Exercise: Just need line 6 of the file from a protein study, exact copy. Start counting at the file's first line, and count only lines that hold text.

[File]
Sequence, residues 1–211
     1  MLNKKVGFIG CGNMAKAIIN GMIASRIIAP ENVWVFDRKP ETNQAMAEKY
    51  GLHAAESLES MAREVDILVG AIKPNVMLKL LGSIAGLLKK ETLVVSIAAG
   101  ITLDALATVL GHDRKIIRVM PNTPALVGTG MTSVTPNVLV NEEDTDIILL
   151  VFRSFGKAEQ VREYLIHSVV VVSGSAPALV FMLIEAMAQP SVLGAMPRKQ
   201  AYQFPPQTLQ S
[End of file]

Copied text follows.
   201  AYQFPPQTLQ S